Two things alone remain to be considered. One is how the Planchette or the table is able to read cards placed face downwards upon it; the second is, is telepathy or thought-transference a possibility? As to the first point I have never yet been able to satisfy myself whether the results are more than Chance would account for; for Chance has strange vagaries--themselves part of the doctrine of Chances--and in order to decide, one would have to make a far more extended induction than I have had time for. But if the mathematical probabilities are really exceeded, one would be driven to the suspicion that there resides in the Sub-Consciousness a sense of which we are unaware, perhaps an extra way of perceiving by the tips of the fingers, which may be either a new embryonic sense, not yet developed by the struggle for existence, or the rudimentary survival of an old sense eliminated in the struggle, perhaps a relic from those primeval homogeneous organisms in which every part of the body did every kind of work. After all, the senses are all developments of the sense of touch. This suspicion is strengthened by the fact that the correct card is often given at the first trial, and not after, as if this unused sense were soon exhausted. By the way, though the "spirits" mostly failed to tell a card placed face down, and unknown to any one in the room, they were invariably successful when it was placed face up: a sufficient proof--is it not?--that there could be nothing in the replies which was not already in some one's mind.

With regard to the question of telepathy, though I am tempted to believe in it, I have not yet met with any convincing instance of it. Thought-reading _a la_ Stuart Cumberland almost any one could do who practised it. The thought-reader merely takes the place of the table as a receiver of muscular vibrations. What tempts me to believe in the transfer of thought without physical connection is that, given telepathy, all the mysterious phenomena that have persisted in popular belief through the centuries could be swept away at one fell swoop. By telepathy, working mainly through the Sub-Consciousness, I will explain you Clairvoyance (that is, not the mere seeing of pictures, which is a phenomenon akin to dreaming, but the vision of other people's Sub-Consciousnesses), ghosts, witchcraft, possession, wraiths, Mahatmas, astral bodies, etc., etc. But it is rather absurd to call in a new mystery to explain what may not even be facts. And so, till I am convinced either of ghosts or of telepathy, I must accord an impartial incredulousness to both. _Credat Christianus_, F. W. Myers or W. T. Stead! For I gather that the Psychical Society assert that they _must_ exist. But as yet--_je n'en vois pas la necessite_. If it is indeed possible to telegraph without fees and to put a psychical girdle round the earth in twenty seconds, by all means let the noses of those extortionate cable companies be put out of joint. To me it is just as wonderful that mind can communicate with mind by letter or even by speech. One more puzzle adds no light to our darkness. And as for ghosts, I have more than a lurking sympathy with the farrier in "Silas Marner."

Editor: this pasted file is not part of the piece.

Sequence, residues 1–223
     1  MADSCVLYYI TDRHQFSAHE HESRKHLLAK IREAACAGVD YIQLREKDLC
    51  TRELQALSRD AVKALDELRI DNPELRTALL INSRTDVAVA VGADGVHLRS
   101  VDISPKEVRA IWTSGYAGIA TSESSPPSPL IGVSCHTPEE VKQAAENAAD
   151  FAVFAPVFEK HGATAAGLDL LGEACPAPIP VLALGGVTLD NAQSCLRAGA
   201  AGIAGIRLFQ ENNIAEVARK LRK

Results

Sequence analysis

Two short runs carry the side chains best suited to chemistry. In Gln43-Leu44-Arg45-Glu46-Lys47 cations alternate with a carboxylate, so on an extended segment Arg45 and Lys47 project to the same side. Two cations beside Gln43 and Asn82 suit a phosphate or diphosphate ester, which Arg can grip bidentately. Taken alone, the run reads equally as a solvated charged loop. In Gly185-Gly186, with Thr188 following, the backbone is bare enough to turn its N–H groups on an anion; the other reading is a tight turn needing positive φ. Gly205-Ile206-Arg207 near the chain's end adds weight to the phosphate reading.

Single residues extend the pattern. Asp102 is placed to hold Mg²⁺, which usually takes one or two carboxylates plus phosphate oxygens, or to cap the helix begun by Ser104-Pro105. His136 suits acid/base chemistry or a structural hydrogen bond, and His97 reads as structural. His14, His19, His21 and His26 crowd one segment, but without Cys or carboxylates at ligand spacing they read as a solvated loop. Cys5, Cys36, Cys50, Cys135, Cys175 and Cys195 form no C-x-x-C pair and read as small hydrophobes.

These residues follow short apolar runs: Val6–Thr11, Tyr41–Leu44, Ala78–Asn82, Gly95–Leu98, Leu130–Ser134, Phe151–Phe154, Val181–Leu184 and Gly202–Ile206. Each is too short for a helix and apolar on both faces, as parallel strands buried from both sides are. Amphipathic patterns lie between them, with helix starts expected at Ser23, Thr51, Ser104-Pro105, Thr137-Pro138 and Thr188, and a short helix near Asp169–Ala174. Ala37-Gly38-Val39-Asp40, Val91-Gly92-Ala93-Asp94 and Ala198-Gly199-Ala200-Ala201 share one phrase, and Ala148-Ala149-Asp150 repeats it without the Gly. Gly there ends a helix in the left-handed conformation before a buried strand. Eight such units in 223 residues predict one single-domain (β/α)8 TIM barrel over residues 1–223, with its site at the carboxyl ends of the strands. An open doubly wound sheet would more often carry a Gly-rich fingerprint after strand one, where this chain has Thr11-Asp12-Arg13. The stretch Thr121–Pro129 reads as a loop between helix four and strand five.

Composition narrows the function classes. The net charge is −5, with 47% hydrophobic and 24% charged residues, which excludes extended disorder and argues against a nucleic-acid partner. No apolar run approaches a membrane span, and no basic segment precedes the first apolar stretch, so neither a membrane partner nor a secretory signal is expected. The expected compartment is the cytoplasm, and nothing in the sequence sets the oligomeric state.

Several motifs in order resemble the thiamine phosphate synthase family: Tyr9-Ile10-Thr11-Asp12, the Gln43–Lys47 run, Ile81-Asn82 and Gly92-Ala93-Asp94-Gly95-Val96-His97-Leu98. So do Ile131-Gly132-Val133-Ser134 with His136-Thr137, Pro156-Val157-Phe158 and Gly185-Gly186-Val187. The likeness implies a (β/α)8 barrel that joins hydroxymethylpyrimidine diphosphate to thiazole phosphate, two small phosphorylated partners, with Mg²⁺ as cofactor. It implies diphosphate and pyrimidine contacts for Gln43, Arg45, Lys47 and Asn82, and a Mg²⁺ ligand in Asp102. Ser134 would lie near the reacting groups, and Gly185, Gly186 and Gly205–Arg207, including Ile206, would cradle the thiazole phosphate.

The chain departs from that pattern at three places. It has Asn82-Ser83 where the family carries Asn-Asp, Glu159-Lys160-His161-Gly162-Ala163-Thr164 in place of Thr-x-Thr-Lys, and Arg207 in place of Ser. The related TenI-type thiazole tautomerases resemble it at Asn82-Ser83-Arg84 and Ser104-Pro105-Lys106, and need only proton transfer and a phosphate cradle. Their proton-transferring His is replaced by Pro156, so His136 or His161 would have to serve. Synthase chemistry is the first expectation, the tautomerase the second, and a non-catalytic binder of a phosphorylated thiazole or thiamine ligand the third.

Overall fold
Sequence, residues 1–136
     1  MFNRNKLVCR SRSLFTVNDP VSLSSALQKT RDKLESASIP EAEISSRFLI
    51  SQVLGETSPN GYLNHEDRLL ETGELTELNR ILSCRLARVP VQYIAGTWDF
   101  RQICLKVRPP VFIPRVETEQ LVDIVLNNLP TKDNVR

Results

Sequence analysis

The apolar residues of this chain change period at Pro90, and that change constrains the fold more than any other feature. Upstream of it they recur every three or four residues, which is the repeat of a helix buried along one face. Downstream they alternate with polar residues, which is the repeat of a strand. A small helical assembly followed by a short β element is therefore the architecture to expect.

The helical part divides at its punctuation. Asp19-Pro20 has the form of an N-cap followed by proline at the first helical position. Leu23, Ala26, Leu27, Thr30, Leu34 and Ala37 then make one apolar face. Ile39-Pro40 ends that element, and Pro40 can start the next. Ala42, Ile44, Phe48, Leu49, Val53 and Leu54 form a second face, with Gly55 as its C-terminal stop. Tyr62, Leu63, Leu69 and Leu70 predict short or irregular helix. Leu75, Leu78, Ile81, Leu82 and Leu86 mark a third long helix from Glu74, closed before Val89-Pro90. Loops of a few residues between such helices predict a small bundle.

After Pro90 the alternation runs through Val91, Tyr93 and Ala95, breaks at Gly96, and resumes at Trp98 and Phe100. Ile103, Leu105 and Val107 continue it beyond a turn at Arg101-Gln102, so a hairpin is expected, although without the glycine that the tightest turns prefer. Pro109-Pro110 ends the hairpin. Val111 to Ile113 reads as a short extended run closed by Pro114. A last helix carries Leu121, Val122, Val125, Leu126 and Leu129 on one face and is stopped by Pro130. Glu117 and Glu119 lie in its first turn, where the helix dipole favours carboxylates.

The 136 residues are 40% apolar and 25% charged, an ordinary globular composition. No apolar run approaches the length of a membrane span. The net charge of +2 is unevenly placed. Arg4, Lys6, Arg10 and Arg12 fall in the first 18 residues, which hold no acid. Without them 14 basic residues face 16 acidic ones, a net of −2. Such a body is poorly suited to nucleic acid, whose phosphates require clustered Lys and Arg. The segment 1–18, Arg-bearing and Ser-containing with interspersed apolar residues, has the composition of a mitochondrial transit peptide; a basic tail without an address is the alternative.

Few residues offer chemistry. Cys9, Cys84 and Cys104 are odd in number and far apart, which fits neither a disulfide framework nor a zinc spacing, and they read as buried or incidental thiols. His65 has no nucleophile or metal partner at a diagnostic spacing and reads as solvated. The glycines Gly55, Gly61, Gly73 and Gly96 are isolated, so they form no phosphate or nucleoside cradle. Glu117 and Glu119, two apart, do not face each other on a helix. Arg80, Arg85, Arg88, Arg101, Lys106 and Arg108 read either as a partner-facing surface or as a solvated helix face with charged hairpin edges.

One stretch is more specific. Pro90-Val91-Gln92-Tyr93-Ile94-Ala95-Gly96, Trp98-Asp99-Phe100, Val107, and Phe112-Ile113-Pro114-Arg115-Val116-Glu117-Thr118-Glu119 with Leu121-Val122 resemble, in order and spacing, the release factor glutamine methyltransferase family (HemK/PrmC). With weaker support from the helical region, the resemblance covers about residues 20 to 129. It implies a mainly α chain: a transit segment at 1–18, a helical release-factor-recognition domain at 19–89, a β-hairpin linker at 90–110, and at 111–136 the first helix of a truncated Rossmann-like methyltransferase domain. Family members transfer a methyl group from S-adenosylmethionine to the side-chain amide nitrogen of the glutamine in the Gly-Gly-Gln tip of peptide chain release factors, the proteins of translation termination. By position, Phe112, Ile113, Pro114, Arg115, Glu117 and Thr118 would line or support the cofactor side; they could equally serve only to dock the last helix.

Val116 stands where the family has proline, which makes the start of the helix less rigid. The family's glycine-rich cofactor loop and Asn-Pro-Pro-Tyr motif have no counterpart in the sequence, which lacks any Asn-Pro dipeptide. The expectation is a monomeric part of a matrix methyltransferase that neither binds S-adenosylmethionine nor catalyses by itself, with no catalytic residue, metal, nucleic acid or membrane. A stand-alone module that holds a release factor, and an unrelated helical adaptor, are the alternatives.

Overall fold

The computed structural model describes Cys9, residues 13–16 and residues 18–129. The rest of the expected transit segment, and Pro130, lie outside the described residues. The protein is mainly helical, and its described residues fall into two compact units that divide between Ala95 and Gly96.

"'If ghos'es want me to believe in 'em, let 'em leave off skulking i' the dark and i' lone places--let 'em come where there's company and candles!'

"'As if ghos'es 'u'd want to be believed in by anybody so ignorant!' said Mr. Macey, in deep disgust at the farrier's crass incompetence to apprehend the conditions of ghostly phenomena."

And supposing "ghos'es" do exist--the moment the Supernatural is attested and classified it becomes as natural as anything else. Such spooks would add nothing to the dignity and sanctity of the scheme of creation, and are no friends to religion. The world would only be made to look more ridiculous if our deceased friends really rapped tables and pulled off bedclothes, as Miss Florence Marryat's do. Mrs. Besant (who up to the moment of going to press is still a Theosophist), in her latest reading of the riddle of this painful earth, does but explain _obscurum per obscurius_. Where is the point of a progression through stages, if there is no continuous consciousness? What does it matter if I am not myself, but somebody else in his fifth plane or her nineteenth incarnation? Decidedly it is better to bear the religions we have, than fly to others that we know not of. If Mr. F. W. Myers hears that some ill-trained observers have seen ghosts, he becomes Dantesque and dithyrambic about "the love that rules the world and all the stars." For my part, I fail to draw the moral. I am content to look nearer home--at coal-heavers and costermongers, poets and engineers--and to found my theory of life on less deniable data. A fig for your ghosts! What! Here have I been living and working and thinking nigh half a lifetime, and only now these gentry should deign to give me cognisance of their existence. Dame Nature would have indeed treated me scurvily had she reduced me to such absurd oracles. The phenomena seem so rare and so irregular, the vast majority of mankind having to go through life only afraid of ghosts, but never seeing them, that no general law of posthumous existence could be based on these obscure and erratic accidents. There may be only a survival of the fittest. It is not in the aberrations, but in the constant factors of human life that we must seek for light, and the attitude of these smellers after immortality is precisely that of the mediaevals who sought for the workings of divinity in eccentric variations from its own habits, till miracles became so commonplace that, as Charles Reade deliciously sums it up, a man in "The Cloister and the Hearth" could reply to his fellow, who was anxious to know why the market-place was black with groups, "Ye born fool! it is only a miracle." If I am to seek for "intimations of immortality," let me find them not in the haphazard freaks of disembodied intelligence, but where Wordsworth found them, and where Mr. Myers was once content to find them, in